Tim Rossovich Dies: Actor And Former USC/NFL Football Standout Was 72

I think the youth of today can look at me and associate with me more than the average football player. "I consider myself a hippie in all the good ways," he said in the film. They can see a person with long hair doesn't have to be associated with something bad." "I dress in different clothes and grow my hair long because I have this feeling of independence.
He became one of five USC players drafted in the first round in 1968, going to the Philadelphia Eagles as the 14th pick of the first round. Simpson at running back. Rossovich was an All-American and co-captain of the USC national championship team in 1967, remembered for star  O.J.
Rossovich was born on March 14, 1946 in Palo Alto, California, one of five children.
There will be no services. Survivors include his wife, Lauren; his daughter, Jaime; his father, Frank; his brother, Rick Rossovich, also an actor; and two sisters.
The lean defensive end made the Pro Bowl in 1969 during a career that saw him play for the Philadelphia Eagles, San Diego Chargers, and Houston Oilers. He later played for the Philadelphia Bell in the short-lived World Football League.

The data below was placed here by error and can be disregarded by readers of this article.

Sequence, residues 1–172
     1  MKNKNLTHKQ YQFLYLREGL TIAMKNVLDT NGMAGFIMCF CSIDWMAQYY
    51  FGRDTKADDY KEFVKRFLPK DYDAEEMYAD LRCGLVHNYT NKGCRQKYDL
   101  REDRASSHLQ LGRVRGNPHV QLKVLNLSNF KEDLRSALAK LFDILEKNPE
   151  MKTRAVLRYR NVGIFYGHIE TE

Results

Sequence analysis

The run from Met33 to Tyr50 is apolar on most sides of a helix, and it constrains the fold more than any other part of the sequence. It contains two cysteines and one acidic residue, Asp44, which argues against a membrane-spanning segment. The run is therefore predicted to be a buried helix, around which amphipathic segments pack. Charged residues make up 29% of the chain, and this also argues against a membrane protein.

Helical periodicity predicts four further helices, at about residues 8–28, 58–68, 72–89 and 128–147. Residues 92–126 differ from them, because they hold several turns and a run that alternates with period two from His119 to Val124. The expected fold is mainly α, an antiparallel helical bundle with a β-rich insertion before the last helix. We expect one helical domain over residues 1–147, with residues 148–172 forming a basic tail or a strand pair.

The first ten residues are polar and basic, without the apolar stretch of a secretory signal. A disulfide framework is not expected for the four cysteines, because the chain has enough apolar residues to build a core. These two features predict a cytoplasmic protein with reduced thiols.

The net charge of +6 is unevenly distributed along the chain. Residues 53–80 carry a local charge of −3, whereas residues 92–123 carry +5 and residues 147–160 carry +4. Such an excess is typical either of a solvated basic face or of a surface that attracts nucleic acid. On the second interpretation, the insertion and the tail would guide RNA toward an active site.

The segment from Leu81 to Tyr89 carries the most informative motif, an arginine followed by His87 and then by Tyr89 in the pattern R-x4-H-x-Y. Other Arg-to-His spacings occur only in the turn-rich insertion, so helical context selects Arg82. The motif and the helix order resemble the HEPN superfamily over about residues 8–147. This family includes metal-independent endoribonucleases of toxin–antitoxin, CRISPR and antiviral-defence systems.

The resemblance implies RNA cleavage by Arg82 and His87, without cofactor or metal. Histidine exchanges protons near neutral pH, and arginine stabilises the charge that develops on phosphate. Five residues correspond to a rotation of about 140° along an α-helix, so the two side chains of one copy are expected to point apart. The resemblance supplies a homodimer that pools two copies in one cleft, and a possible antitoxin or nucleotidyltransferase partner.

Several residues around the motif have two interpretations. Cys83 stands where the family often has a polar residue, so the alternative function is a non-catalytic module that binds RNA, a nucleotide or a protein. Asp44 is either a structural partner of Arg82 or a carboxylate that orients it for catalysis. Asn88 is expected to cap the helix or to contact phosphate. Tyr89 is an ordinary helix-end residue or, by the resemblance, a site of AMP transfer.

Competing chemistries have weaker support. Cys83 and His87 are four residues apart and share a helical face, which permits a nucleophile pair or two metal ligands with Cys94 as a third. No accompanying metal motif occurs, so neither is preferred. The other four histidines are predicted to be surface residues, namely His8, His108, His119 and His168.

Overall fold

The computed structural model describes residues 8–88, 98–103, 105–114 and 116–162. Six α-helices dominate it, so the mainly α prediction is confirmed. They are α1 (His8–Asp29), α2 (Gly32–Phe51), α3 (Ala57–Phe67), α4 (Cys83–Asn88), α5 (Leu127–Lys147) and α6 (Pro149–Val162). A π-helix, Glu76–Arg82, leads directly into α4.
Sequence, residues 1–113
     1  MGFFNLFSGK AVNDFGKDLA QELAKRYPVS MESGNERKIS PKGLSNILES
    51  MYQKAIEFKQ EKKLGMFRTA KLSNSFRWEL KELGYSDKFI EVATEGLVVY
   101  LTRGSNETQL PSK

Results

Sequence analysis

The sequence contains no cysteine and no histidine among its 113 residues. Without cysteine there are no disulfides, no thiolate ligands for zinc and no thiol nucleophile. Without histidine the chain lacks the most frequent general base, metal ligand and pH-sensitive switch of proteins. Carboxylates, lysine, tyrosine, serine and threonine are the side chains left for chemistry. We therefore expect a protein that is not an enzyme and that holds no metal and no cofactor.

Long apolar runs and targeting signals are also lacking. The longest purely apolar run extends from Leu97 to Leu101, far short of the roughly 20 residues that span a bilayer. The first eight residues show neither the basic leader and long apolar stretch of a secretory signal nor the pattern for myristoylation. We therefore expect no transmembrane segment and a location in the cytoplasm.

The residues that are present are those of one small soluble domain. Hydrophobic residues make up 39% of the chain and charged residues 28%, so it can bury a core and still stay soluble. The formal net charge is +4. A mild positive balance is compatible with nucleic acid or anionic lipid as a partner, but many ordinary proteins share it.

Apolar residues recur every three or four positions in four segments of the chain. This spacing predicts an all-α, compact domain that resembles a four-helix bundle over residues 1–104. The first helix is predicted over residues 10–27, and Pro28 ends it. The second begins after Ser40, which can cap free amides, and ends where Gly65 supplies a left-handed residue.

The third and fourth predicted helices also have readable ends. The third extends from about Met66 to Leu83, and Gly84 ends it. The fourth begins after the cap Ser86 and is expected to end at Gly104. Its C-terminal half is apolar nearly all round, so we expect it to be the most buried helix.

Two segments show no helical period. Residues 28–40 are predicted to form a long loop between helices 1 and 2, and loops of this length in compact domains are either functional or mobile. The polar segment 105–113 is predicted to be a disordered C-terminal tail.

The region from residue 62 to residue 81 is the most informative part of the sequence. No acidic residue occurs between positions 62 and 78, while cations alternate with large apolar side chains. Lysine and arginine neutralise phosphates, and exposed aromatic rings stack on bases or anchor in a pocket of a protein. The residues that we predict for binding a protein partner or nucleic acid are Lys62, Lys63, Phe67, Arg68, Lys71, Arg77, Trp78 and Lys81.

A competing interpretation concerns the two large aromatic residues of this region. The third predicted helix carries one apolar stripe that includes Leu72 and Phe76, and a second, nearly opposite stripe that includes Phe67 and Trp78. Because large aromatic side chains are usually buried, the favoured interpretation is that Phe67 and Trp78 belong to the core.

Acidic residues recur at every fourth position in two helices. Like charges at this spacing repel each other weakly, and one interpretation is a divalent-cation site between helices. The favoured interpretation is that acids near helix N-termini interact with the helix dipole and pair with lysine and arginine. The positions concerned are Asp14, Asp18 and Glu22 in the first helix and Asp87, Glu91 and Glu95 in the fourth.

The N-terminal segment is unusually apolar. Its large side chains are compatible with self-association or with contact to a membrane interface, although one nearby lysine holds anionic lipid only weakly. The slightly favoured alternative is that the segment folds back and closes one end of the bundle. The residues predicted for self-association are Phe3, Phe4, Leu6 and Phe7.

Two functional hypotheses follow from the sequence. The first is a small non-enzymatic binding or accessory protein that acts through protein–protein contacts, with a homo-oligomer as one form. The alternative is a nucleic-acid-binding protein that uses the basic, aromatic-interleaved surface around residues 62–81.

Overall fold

He started as stunt double in the Burt Reynolds film Hooper, then appeared in various roles in ABC's Soap, The A-Team, Remington Steele, Hunter, MacGyver and Baywatch. After rooming with actor Tom Selleck in college and given his USC connections, it seemed inevitable that Rossovich would become an actor. He also appeared in three episodes of Selleck's CBS series Magnum, P.I.
Rossovich was also active in films, achieving roles in the Barbra Streisand-Ryan O'Neal movie The Main Event, as well as The Long Riders, Looker, Night Shift and The Sting II.
 ” />
In 1971, Rossovich was dubbed "the first football hero of the Aquarius generation" thanks to his appearance in an NFL Films feature.
He was inducted into the USC Athletic Hall of Fame in 2015.
He was 72 and passed Thursday in Sacramento. Former USC and National Football League star Tim Rossovich, who built a post-athletic acting career in various roles, has died after a long illness, according to USC News.